Improving post-partum family planning services provided by female community health volunteers in Nepal: a mixed methods study

BMC Health Serv Res. 2020 Feb 17;20(1):123. doi: 10.1186/s12913-020-4969-1.


Background: Family planning services in the post-partum period, termed post-partum family planning (PPFP) is critical to cover the unmet need for contraception, especially when institutional delivery rates have increased. However, the intention to choose PPFP methods such as post-partum intrauterine devices (PPIUD) remains low in countries such as Nepal. Community health workers such as Female Community Health Volunteers (FCHVs) could play an important role in improving the service coverage of PPFP in Nepal. However, their knowledge of PPFP and community-based services related to PPFP remain unclear. This study aims to assess the effect on community-based PPFP services by improving FCHV's knowledge through orientation on PPFP.

Methods: We conducted this mixed-methods study in Morang District in Nepal. The intervention involved orientation of FCHVs on PPFP methods. We collected quantitative data from three sources; via a survey of FCHVs that assessed their knowledge before and after the intervention, from their monthly reporting forms on counseling coverage of women at different stages of pregnancy from the communities, and by interviewing mothers in their immediate post-partum period in two selected hospitals. We also conducted six focus group discussions with the FCHVs to understand their perception of PPFP and the intervention. We performed descriptive and multivariable analyses for quantitative results and thematic analysis for qualitative data.

Results: In total, 230 FCHVs participated in the intervention and their knowledge of PPFP improved significantly after it. The intervention was the only factor significantly associated with their improved knowledge (adjusted odds ratio = 24, P < 0.001) in the multivariable analysis. FCHVs were able to counsel 83.3% of 1872 mothers at different stages of pregnancy in the communities. In the two hospitals, the proportion of mothers in their immediate post-partum period whom reported they were counseled by FCHVs during their pregnancy increased. It improved from 7% before the intervention to 18.1% (P < 0.001) after the intervention. The qualitative findings suggested that the intervention improved their knowledge in providing PPFP counseling.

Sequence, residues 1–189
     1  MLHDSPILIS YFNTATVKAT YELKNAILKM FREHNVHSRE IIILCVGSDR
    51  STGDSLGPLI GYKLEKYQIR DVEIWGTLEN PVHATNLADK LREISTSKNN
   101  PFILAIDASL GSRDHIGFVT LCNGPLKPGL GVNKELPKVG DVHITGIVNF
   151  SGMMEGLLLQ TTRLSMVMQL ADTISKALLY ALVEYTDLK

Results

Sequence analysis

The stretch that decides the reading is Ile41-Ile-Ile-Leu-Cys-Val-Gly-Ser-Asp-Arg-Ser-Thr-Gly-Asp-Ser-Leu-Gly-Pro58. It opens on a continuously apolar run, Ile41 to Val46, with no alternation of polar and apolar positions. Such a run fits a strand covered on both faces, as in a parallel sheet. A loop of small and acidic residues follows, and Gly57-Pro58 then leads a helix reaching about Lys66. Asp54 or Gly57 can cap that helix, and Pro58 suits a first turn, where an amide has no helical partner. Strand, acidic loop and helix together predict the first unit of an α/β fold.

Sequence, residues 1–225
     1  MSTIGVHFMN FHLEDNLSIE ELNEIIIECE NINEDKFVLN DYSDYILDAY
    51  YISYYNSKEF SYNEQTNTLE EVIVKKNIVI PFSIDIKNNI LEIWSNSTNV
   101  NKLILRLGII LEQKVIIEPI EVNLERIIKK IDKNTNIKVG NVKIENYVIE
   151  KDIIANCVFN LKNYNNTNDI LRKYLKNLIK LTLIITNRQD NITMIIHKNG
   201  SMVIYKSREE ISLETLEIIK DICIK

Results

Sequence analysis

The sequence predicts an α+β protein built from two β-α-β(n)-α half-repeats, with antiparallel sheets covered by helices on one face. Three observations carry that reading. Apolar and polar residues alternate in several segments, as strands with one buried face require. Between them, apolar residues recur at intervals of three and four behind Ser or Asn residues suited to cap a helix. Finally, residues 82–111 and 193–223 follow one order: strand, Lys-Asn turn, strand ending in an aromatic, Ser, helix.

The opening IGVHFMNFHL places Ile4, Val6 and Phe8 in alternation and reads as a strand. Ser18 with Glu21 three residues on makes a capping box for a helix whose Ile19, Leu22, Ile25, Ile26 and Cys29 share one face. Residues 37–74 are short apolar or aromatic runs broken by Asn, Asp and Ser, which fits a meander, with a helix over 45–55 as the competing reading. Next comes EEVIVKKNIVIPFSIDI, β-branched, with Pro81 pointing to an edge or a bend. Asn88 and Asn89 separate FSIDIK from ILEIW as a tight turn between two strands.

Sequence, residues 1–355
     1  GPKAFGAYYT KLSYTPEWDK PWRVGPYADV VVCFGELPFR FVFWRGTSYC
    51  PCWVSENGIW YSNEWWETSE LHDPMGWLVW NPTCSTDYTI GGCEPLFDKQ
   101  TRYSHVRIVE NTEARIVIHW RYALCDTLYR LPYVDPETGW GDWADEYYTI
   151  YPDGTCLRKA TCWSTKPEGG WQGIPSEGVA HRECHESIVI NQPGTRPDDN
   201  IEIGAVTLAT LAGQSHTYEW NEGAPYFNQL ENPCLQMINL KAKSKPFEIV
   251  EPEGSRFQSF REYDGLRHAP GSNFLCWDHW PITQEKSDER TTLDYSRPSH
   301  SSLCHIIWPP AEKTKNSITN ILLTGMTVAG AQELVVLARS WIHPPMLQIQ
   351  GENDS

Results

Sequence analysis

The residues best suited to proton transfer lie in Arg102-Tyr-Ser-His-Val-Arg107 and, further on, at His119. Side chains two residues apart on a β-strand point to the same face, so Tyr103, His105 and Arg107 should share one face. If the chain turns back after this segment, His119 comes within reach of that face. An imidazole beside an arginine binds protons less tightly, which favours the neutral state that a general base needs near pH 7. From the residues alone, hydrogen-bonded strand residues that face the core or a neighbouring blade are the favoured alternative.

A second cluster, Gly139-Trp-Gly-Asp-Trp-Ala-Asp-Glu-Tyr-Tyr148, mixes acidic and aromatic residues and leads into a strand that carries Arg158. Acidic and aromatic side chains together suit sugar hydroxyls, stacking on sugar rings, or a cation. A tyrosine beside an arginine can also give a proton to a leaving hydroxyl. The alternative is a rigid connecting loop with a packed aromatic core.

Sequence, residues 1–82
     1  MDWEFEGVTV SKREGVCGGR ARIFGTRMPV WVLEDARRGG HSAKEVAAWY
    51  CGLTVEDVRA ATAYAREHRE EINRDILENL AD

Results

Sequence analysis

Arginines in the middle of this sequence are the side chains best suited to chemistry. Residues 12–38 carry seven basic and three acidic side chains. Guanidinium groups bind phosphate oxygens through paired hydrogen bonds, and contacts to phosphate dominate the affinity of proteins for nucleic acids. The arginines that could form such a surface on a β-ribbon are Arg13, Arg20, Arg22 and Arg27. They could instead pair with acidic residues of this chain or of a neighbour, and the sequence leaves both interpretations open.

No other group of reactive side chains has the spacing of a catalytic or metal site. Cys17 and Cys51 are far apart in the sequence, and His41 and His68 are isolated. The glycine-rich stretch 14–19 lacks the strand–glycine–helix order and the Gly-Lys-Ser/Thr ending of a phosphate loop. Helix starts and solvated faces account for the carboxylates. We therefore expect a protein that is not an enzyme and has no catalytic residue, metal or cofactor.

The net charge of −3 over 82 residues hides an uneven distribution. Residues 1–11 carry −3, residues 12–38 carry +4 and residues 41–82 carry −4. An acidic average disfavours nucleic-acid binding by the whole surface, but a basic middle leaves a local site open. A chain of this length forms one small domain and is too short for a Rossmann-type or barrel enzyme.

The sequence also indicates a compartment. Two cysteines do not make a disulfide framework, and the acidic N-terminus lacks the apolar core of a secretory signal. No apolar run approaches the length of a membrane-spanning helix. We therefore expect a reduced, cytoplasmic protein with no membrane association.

Conclusion: The orientation improved the FCHV's knowledge of PPFP and their community-based counseling. Follow-up studies are needed to assess the longer term effect of the FCHV's role in improving community-based PPFP services.

Keywords: Community health workers; Contraception; Family planning services; Intrauterine devices; Post-partum period.

MeSH terms

  • Community Health Workers / education*
  • Contraception
  • Counseling / statistics & numerical data
  • Family Planning Services / organization & administration*
  • Family Planning Services / standards*
  • Female
  • Focus Groups
  • Health Knowledge, Attitudes, Practice
  • Health Services Research
  • Humans
  • Inservice Training*
  • Intrauterine Devices / statistics & numerical data
  • Nepal
  • Postpartum Period*
  • Qualitative Research
  • Quality Improvement / organization & administration*
  • Surveys and Questionnaires
  • Volunteers / education*